The pull up is a classic calisthenics exercise that works the entire back as well as the biceps and triceps.
The traditional, overhand pull up grip means placing your hands a few inches over a shoulder width apart and, you guessed it, pulling your body weight up!
Mastering this is key to building upper body strength but once you’re able to complete a good number of repetitions, you might be thinking… what’s next?
The great thing about the pull up as a movement is that it not only improves grip strength but that, by variations in grip, it is a super versatile exercise that you can adapt easily.
Each variation is great in its own way. We’ve provided a list here of 7 pull up variations that require different types of grip and will really strengthen different parts of your upper body.
This is not an exhaustative list of grip/ pull up variations but it makes a great start.
You will obviously need a pull up bar for these exercises and, for some of them, you will need one with parallel bars incorporated. You can see more about pull up bars here.
Pull Up Variations
1. Narrow Grip Pull Up
A narrow or close grip pull up means moving your hands anywhere from just a shoulders width apart to as close as a few centimetres apart.
Moving your hands closer together while performing a pull up means that, as well as really targeting those lats, you will be able to activate the pecs and the biceps more.
Of course, you should never sacrifice your form whilst doing any of these variations.
With the narrow grip pull up in particular, try to always ensure that you work your muscles to a full range of motion.
2. Wide Grip Pull Up
A wide grip pull up, on the other hand, takes some of the work away from your shoulders and engages the traps and the lower lats more than a classic pull up.
To perform this exercise, ensure that your grip is wider than your body and that your thumbs point towards each other. It helps to imagine that your arms and torso form a Y shape as you do this.
The wide grip is a change that you can make to your pull up that will significantly increase its difficulty so be aware that it might take some time to master.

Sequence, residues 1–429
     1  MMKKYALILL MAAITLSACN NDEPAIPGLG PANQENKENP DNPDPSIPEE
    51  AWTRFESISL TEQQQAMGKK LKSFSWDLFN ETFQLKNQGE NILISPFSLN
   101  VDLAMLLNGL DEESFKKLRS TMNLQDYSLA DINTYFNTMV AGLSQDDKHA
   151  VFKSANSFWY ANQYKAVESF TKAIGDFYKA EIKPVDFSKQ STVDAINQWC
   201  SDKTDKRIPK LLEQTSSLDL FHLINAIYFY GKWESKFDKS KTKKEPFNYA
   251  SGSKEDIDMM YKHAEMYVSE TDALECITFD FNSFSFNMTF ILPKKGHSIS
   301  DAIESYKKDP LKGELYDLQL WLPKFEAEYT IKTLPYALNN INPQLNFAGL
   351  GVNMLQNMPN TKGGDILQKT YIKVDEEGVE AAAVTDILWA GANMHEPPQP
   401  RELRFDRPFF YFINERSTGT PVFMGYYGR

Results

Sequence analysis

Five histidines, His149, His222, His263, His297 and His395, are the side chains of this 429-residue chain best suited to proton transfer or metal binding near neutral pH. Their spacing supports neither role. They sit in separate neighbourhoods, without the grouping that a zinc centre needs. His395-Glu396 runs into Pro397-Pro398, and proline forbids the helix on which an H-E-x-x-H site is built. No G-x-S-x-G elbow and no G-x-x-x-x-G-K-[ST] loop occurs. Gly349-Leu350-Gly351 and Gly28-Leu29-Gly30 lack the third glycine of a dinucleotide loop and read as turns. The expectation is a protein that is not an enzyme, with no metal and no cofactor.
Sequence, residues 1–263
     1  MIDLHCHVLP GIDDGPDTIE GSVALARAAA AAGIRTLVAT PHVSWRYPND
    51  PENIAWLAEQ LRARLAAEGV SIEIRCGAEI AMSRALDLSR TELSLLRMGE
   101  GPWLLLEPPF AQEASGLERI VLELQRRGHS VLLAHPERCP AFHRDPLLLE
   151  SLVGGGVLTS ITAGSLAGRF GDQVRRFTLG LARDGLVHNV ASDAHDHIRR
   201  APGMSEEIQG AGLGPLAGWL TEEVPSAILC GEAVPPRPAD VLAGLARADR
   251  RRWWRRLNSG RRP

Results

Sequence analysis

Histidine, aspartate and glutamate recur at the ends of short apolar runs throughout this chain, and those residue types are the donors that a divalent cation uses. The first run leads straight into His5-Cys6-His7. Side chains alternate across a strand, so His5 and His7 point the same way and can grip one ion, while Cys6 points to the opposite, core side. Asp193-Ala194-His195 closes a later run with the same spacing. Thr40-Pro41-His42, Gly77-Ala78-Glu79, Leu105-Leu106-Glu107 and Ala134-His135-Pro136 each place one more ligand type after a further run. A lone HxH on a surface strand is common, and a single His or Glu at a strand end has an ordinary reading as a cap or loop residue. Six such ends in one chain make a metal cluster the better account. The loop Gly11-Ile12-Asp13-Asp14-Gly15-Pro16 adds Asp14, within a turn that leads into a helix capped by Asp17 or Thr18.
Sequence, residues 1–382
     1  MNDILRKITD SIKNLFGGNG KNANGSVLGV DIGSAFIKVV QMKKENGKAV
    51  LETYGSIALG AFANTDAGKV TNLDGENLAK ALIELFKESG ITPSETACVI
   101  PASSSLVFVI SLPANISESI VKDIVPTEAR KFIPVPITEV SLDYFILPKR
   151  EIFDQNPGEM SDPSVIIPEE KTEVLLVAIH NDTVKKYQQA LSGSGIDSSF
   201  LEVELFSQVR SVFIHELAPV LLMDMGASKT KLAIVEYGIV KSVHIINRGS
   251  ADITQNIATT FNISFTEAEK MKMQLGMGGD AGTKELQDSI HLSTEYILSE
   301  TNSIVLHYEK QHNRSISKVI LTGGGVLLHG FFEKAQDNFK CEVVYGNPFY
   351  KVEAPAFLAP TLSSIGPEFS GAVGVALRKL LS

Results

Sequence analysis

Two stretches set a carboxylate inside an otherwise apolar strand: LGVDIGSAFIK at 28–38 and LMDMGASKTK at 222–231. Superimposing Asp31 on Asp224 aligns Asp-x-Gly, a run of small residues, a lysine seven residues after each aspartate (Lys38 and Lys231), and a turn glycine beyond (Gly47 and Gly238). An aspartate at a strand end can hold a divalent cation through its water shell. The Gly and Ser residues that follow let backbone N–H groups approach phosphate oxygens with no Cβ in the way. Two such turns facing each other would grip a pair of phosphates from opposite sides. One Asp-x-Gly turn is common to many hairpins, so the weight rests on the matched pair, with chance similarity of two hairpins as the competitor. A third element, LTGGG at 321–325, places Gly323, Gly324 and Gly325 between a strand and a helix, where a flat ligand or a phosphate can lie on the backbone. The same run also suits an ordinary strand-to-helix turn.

3. The Chin Up
By flipping your hand grip around so that your fingers are facing towards you, you can perform a chin up by pulling yourself up until your chin passes the level of the bar.
This is a great movement that works a huge range of muscles but specifically targets the lats and biceps.
You can perform a chin up with your hands either a shoulders width apart or closer together in the range described for the narrow grip pull up.
Always make sure to activate your core and to focus on squeezing your shoulder blades together slightly as you pull up.
4. The Hammer Grip Pull Up
If you find traditional pull ups to be hard on your wrists, the hammer grip pull up, also known as a neutral grip pull up, is a great alternative. For this exercise, you’ll need a pair of parallel bars.
These can be further apart, to allow you to perform a wide neutral grip pull up, or close together as most parallel bars will naturally be.
To perform this exercise, you simply hold the inner handles with your hands facing each other.
Begin by drawing back through the shoulder blades and then pull the elbows in tight to the side of the body as you pull yourself up.
5. Mixed Grip Pull Up
The mixed grip pull up, which involves placing one hand facing toward you and one facing away as in a regular pull up, is an awesome variation that can really your improve grip strength.
Because it makes it easier to grip, this variation is actually easier than many of the others on this list.
This variation in grip will also work to target both your back and your biceps for well-rounded strength and size.
Try to get your chin up above the bar and, of course, ensure that you periodically switch hands to avoid muscle imbalances.
6. Around The World Pull Up
The around the world pull up is one of the more advanced pull up variations out there. It really works each arm individually as well as targeting both sides of the back.
You can perform this pull up variation by placing your hands just over a shoulder width apart and then pulling up with a focus on one side which you then shift to the other whilst keeping your chin above the bar.
Again with this movement, you need to ensure that you are placing equal focus on both sides of the body.
7. Muscle Up
If you’re ready to take your pull ups to yet another level, the muscle up is an amazing pull up variation to master.
The muscle up works exactly the same way as a normal pull up except when you reach the highest point of the movement, you push yourself up above the bar.
This is great for the chest and tris but is definitely a difficult move that takes a lot of practice.
So there you have it…. 7 pull up variations that will allow you to progress your training, improve your strength and, most importantly, to have fun.
Calisthenics workouts never get boring because there are so many ways to utilise your body strength and these grip variations exactly prove that.
The pull up is an awesome exercise but these variations are sure to make you feel even cooler and even stronger!
Chris is an experienced Calisthenics practitioner focused on isometric exercises and street workout. He founded thehybridathlete.com in 2017, which was subsequently acquired by theyhybridathlete.com
He is based in Portland and has been working out using solely his own body weight and bars for the past 6 years.